Back on a warmer continent, from what some are calling a “study abroad adventure of a lifetime,” 15 students and faculty from Arizona State University are putting into words what others have only experienced through imagination: icebergs the size of London; killer whales breaching in the Southern Ocean; penguins, hundreds of them, socializing in colonies spanning hundreds of square miles; polar plunges in frigid waters; and traversing a unique landmass almost completely covered in ice.
In one word: Antarctica.
“Just the sheer amount of wildlife we’ve seen on this trip has impressed me quite a bit,” said Joseph Black from aboard the Ocean Victory cruise ship that took the group through Argentina and the Antarctic Peninsula during ASU’s 2022 Winter Break.
A biotech and bioenterprise major in the School of Mathematical and Natural Sciences, Black added, “Videos are one thing, but seeing them in person is kind of crazy.”
Victoria Cava, who is studying astrophysics and geography in ASU’s School of Earth and Space Exploration, said the voyage to Antarctica was another step toward her goal to travel to all seven continents: “Eventually, at some point, and because of how closely related Antarctica and space can be ..., I wanted to see with my own eyes.”
These reactions are just what organizers of the 2022 ASU Antarctica study abroad program were hoping for — and then achieved — marking the successful completion of a program three years in the making due to pandemic delays and other logistical issues.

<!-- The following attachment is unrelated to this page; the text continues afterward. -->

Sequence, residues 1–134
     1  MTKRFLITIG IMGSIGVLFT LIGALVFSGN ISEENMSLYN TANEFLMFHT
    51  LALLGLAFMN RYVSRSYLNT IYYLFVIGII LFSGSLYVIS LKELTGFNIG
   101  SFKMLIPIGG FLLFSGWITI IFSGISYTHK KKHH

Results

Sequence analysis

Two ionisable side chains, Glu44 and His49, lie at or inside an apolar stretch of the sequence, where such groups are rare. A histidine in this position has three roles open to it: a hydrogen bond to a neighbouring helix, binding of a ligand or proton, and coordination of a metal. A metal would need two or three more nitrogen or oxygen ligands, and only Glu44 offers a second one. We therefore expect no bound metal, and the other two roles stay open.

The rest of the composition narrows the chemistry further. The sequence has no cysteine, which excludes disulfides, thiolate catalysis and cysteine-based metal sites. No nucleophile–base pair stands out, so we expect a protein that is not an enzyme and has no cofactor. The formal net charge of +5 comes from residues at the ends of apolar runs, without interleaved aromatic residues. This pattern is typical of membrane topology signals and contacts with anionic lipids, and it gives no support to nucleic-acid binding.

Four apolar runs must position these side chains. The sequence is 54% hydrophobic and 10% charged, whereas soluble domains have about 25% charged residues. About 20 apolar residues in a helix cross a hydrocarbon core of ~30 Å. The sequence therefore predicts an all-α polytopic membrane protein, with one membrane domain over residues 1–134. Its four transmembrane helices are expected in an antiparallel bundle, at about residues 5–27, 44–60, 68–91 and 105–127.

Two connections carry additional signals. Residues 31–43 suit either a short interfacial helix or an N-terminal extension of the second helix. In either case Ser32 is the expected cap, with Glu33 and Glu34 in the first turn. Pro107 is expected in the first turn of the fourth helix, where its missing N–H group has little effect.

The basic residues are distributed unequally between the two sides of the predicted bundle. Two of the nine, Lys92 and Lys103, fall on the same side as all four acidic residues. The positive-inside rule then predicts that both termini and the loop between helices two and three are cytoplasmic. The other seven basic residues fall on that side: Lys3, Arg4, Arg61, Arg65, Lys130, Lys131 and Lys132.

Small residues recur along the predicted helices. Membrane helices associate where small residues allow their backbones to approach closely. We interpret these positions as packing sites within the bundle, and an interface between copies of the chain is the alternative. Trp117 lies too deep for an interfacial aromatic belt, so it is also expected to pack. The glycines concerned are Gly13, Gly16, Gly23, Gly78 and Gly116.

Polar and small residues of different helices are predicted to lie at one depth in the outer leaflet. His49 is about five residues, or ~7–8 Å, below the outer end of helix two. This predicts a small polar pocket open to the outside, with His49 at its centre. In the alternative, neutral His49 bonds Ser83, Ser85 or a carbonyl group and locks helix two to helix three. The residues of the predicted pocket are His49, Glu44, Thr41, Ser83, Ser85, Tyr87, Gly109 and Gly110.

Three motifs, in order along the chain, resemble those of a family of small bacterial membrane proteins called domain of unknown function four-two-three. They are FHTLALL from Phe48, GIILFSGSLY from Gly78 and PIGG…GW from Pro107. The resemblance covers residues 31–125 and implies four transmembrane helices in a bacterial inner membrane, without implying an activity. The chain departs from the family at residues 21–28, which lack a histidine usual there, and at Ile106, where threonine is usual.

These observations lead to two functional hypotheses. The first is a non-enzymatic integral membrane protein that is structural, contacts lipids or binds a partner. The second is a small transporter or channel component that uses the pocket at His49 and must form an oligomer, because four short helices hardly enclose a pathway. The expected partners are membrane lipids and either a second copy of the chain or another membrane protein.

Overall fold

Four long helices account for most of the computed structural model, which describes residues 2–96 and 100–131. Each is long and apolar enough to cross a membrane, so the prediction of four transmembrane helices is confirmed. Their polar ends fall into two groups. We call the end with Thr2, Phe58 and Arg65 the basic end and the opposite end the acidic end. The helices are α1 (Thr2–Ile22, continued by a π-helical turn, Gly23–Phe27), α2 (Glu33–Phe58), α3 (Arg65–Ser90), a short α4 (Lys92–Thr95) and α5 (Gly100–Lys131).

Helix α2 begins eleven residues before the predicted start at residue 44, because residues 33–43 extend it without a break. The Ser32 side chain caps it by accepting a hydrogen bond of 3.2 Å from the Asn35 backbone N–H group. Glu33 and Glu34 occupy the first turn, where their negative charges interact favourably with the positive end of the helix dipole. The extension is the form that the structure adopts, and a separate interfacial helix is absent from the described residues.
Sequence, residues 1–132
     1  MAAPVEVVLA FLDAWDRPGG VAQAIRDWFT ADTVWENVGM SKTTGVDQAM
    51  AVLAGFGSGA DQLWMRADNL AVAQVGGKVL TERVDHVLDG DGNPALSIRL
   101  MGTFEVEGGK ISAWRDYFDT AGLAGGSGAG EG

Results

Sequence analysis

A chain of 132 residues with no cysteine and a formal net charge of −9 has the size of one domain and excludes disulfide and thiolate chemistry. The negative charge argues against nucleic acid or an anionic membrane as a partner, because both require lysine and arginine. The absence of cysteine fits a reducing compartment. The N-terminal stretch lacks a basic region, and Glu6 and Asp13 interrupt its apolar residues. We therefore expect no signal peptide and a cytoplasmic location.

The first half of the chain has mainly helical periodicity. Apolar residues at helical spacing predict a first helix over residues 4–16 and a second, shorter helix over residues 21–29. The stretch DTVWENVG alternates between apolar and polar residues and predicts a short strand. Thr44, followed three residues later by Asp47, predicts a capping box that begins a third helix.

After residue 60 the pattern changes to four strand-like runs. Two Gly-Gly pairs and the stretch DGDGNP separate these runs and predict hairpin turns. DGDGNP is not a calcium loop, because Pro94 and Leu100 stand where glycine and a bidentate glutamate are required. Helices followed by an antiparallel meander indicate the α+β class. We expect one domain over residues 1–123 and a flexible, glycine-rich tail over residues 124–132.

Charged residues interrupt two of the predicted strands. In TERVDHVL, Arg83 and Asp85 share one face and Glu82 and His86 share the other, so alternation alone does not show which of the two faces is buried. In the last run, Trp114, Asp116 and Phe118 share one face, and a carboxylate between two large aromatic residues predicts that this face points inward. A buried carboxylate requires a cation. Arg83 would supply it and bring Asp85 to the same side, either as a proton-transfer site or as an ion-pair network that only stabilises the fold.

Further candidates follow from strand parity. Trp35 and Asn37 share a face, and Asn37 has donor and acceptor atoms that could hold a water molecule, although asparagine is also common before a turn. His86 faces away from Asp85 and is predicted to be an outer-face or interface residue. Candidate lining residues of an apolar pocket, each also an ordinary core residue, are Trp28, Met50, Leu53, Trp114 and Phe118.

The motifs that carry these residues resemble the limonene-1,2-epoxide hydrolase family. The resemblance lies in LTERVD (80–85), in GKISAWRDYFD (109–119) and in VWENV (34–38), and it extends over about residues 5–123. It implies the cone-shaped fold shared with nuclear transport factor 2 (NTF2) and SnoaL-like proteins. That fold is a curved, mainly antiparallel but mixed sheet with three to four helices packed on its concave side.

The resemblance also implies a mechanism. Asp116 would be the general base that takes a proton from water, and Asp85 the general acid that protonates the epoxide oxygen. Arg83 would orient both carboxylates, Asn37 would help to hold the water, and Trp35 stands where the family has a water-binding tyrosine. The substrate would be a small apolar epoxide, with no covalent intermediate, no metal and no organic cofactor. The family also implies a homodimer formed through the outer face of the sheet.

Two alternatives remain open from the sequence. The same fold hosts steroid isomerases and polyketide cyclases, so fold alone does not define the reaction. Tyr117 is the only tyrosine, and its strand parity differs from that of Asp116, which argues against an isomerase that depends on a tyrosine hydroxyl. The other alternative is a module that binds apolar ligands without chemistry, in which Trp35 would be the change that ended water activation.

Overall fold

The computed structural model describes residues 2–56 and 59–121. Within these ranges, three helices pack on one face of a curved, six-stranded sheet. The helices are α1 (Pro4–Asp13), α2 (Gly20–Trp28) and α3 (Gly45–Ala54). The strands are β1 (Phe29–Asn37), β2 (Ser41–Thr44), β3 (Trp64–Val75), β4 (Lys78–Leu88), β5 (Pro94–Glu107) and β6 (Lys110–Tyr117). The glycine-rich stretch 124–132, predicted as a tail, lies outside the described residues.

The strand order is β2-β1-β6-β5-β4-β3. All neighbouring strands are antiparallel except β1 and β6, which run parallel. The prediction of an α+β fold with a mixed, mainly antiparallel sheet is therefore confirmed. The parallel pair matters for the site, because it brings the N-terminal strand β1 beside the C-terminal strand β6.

Learning about Antarctica by doing, experiencing
Except for a few thousand people who live there on a temporary rotating basis throughout the year, Antarctica has the unique distinction of being the only continent on planet Earth with no permanent human residents. Its remoteness, ensconced in the mystique of the vast ice sheet that covers Antarctica's land mass, lures the curious, the adventurous and the brave to the region every year — many with scientific hopes of unlocking the mysteries and rarities of the frozen continent. But rigorous research was not the main focus for ASU's 2022 Antarctica cohort this go-round.
“I’m pretty sure that this transformative learning wouldn’t occur if our students were simply here to study Antarctic wildlife and ecosystems,” said Andrew Maynard, professor in the School for the Future of Innovation in Society, which organized the program in collaboration with the Julie Ann Wrigley Global Futures Laboratory and ASU’s Global Education Office.
Emphasizing the experiential learning approach to the program, Maynard said students were instead, “challenged by, and learning from, experiences as different as engaging with other students, passengers, staff and expedition crew, to being plunged into environments they had no idea existed — all while living in close quarters with others for nearly three weeks.”
Pre-voyage study helped prepare the cohort for their experiential learning in Antarctica. In the months leading up to departure, 13 students — including three ASU Online students — immersed themselves in an interdisciplinary class called "Antarctica the Frozen Continent," created for the program by Maynard and Nicole Mayberry, assistant research professor in the School of Public Affairs at the Watts College of Public Service and Community Solutions.
Mayberry, who also co-led the voyage to Antarctica with Maynard, said students produced two research papers for the class that focused on topics ranging from glaciology and geology to the geopolitics of the Argentina-United Kingdom war over the Falkland/Malvinas Islands.